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Prince Charles is asking tourists visiting the West Country to help those who live and work in rural areas by making a small donation when booking holidays or paying for a meal. He said the “powerful bond between tourism and our rural communities” could help sustain those making a living from the landscape.

The pilot scheme – backed by major tourism businesses across the UK – will encourage tourists across the country to contribute towards projects supported by the Prince’s Countryside Fund. Visitors who make a booking, or pay for a meal or purchase, will be asked if they would like to make a small donation at the point of sale.

Businesses already committed to the scheme include Cottages4you, the British Beer and Pub Association, individual breweries, The Caravan Club and Farm Stay UK.

“We cannot – we simply must not – turn our back on the ability of the uplands to produce food,” the Prince Charles said at the official launch this week.

“But as everyone gathered here understands, this landscape has another vital role, because tourists love it too.

“There is a powerful bond between tourism and our role with communities and that’s one reason I started The Countryside Fund in 2010.

“For me, it matters as much that those who live in urban areas have a countryside to visit and to cherish as it does that farmers can continue to live and work on their land producing food for the nation.

“But the delicately woven tapestry that is our countryside is facing unprecedented challenges. Start pulling out the threads and the rest unravels very rapidly indeed, and is very difficult to put back again. No farmers, no beautiful landscapes with stone walls, no thriving rural communities, no villages – or village pubs, no sustainable agriculture, no distinctive local foods.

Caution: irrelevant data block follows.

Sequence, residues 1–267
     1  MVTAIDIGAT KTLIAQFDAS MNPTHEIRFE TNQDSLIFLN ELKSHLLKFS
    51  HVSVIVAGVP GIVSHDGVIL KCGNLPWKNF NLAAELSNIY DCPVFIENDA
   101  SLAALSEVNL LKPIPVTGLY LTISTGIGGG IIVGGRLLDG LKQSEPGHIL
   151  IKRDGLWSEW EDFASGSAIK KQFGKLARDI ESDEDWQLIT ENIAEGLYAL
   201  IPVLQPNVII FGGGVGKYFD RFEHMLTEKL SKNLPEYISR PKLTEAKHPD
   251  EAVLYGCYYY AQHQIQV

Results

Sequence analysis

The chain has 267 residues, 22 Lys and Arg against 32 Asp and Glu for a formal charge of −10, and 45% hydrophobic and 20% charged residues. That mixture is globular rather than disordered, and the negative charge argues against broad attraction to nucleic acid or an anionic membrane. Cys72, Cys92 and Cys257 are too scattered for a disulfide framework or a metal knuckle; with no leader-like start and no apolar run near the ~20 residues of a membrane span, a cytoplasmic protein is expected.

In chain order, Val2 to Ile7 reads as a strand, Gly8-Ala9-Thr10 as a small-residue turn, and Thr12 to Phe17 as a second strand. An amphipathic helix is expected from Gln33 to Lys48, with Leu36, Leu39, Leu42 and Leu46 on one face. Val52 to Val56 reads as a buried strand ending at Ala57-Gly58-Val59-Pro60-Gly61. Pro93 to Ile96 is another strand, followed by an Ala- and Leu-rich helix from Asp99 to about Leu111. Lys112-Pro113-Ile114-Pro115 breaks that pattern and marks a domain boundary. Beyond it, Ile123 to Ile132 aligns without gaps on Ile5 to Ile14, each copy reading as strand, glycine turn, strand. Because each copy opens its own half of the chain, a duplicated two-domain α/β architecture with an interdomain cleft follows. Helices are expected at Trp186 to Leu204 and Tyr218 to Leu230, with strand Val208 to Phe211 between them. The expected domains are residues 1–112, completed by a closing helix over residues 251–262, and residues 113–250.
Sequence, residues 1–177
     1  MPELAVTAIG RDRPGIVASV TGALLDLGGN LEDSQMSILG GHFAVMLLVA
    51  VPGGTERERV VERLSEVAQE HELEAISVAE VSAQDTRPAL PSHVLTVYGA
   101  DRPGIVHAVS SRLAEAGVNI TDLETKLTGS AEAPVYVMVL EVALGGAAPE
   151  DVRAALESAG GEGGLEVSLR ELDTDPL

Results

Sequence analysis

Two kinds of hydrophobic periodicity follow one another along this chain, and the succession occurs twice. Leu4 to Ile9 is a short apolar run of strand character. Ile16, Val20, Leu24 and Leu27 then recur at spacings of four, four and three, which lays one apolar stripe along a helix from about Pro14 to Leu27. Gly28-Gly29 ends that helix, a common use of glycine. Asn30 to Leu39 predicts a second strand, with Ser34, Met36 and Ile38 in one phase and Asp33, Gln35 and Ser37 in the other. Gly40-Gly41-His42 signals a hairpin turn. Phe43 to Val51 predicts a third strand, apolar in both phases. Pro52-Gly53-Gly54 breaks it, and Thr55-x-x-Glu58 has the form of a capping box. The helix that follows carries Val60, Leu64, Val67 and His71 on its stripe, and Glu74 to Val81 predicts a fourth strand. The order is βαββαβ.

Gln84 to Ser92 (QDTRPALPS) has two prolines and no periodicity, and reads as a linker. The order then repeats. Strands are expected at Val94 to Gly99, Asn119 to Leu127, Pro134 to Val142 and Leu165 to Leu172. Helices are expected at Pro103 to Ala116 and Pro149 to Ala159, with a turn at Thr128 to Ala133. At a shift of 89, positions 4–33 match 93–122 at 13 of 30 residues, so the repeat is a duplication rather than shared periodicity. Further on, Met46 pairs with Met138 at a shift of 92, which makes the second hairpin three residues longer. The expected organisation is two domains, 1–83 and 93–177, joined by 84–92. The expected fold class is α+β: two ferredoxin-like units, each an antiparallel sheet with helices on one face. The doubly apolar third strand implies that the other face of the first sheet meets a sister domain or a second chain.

“And this is what my Countryside Fund is addressing by giving grants to a range of organisations and initiatives across the country to help create and sustain a thriving rural community.”

Donations will be used to support projects ranging from apprenticeships for budding hill farmers to community transport schemes in isolated rural areas. It will also support training for young people to gain employment in the rural economy and projects supporting community assets such as pubs, post offices and village shops.

Prince Charles, speaking at a reception held at the George Hotel in Penrith, Cumbria, confirmed the pilot will begin over this year’s main summer season.

In under four years, the fund has handed out £3.8 million to more than 90 rural projects touching the lives of 64,000 people. Its emergency fund helped people in Somerset hit by flooding this winter.

The pilot scheme has been warmly welcomed by both the farming and tourism sectors in the West Country.

Ian Johnson, spokesman for the National Farmer’s Union in the South West, said: “Farming is the vital backbone of the wider rural community, with 13,000 commercial farm holdings in Devon and Somerset.

“Farmers care for the countryside and the livestock they keep help shape and maintain the beautiful landscape which attracts so many tourists. Many farmers are also directly involved with tourism diversifications. Farming and tourism are inextricably linked and are jointly crucial to the wider rural economy and the jobs of thousands of people, so what he is suggesting makes a great deal of sense.”

Malcolm Bell, head of Visit Cornwall, added: “It’s a good idea. I think it is right that when people come down to enjoy an area they are given the opportunity to give something back. We welcome it alongside other gifting schemes.”


Christopher Macgowan